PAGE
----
This course introduces the diverse subject matter of human geography. It highlights what human geography is, the foundational themes that unify this versatile area of geography, the multiple issues of interest to human geographers, and how the discipline connects with the broad concerns of society. This course will provide students with a solid foundation in geography, which will serve as a basis for further exploration.
Political geography explores the ways in which geography and politics are intertwined at a variety of spatial scales and time periods. The course will focus on geopolitics and aspects of national level politics. The course will provide students with elaborate theoretical frameworks for interpreting both historical and contemporary political geography. Deep insights will be provided on some of the most significant political geographic events, such as imperialism, the Cold War, the emerging multi-polar world, the increasing globalization of the world, the making of states, and nationalism.
This course will focus on European efforts to explore, conquer and colonize the globe between 1400 and 1800. The search for an easy trade route to Asia led Europeans to sail both east and west. In the process, they made first contact with the peoples of Americas, fought wars of conquest, encouraged piracy, established the slave trade and ultimately changed world history in drastic ways. The course will examine the cultural, political, religious and economic aspects of European contact with the peoples they encountered. We will consider two broad issues: 1) how and why European nations expanded their influence elsewhere in the world during this period and 2) what the consequences of conquest and colonialism were for the cultures and regions they encountered.
How did people live and work in early modern Europe? This course examines life in Western Europe in the sixteenth and seventeenth centuries, an era of drastic social, religious and political instability. The first part of the course is organized around the life cycle and examines issues issues related to conception and birth, childhood, adolescence, courtship and sexuality, marriage, and old age. We will then look at the world of work, and consider the lives of women and men of various social classes, who lived in cities, towns and countryside and tried to make a living in precarious circumstances. Underlying themes to be explored in this course include: illness and medicine, gender and religion, and magic and witchcraft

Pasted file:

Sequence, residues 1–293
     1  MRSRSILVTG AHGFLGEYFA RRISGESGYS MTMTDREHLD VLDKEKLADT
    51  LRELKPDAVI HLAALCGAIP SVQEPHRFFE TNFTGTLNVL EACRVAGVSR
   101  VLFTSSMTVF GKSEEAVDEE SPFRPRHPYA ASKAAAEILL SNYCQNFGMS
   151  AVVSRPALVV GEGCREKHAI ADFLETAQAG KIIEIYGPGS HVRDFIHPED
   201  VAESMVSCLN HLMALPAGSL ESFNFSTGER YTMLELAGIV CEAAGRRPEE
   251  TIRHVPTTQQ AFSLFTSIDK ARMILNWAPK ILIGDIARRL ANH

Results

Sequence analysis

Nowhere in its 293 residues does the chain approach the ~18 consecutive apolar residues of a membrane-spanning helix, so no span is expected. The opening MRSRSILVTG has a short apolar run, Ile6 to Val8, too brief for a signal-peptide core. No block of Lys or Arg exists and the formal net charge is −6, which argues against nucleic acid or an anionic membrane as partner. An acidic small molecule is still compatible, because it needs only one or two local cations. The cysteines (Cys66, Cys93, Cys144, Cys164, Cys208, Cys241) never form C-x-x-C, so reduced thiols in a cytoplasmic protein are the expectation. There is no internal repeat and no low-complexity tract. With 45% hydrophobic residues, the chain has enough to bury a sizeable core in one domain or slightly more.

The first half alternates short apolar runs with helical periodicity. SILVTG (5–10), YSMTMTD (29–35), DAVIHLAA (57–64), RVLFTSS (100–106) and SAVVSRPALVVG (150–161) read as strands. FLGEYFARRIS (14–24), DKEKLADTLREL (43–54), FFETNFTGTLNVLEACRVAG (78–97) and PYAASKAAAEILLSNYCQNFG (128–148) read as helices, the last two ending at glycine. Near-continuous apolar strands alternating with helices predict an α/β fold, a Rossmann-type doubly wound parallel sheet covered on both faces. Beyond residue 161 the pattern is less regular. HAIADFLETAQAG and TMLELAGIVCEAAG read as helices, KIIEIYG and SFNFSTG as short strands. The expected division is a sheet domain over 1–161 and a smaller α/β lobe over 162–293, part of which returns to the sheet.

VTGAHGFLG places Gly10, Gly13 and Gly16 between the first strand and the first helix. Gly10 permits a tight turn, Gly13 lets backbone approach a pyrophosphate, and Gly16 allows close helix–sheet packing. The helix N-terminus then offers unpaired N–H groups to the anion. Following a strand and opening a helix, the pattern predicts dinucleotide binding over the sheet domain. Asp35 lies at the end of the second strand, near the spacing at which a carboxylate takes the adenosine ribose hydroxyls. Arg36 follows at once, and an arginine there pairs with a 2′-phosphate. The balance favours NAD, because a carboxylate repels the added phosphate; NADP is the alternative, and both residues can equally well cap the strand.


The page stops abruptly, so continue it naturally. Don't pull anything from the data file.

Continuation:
This course is designed to provide students with a historical examination and assessment of the “Sixties” in North America. This course will chart the social development of the “Sixties” with a special emphasis on the anxiety of the era (political, social, racial, and sexual), how society responded to this anxiety, and how the baby-boomer youth transformed society with the advent of a “movement culture.”
Students will explore major disasters that shook the nation throughout the twentieth and twenty-first centuries. Through an examination of a variety of ‘natural’ disasters, including fires, floods, and severe storms to human-made disasters, such as explosions, crashes, and spills, this course will highlight the relationship between all levels of government, big business, and charities when responding to disasters. The course will also explore how disasters, such as infectious diseases, shaped Canadian society. By investigating the argument that there is no such thing as a ‘natural’ disaster, students will gain insight into Canadian federalism, humanitarianism, big business, and technological advances.
This course is designed to give students an introduction to the history and diverse cultures of Africa from the earliest times up to colonization. Particular attention will be given to the roots of African peoples, processes of regional differentiation, and evolving patterns of trade, politics, and conflict prior to the penetration by the West. Common myths and misconceptions about Africa held in Western countries will be investigated and critiqued. Lastly, the course will focus on the relationships between Africans and others through slavery, exploration, colonization, and religious proselytization.
This course will examine topics of critical interest in the 21st Century: religious diversity, social constructions of identity, consumer choices, sustainable livelihoods, and current environmental issues. We will explore ideas about locating ourselves and developing agency in a changing and challenging world. Developing communication and research skills is a focus. Coordinated by one faculty member, this course draws on the expertise of instructional faculty from different disciplines. Community service learning through volunteer work (approximately 12 hours for the semester) will complement the academic component of this course. All course work is experiential and project based.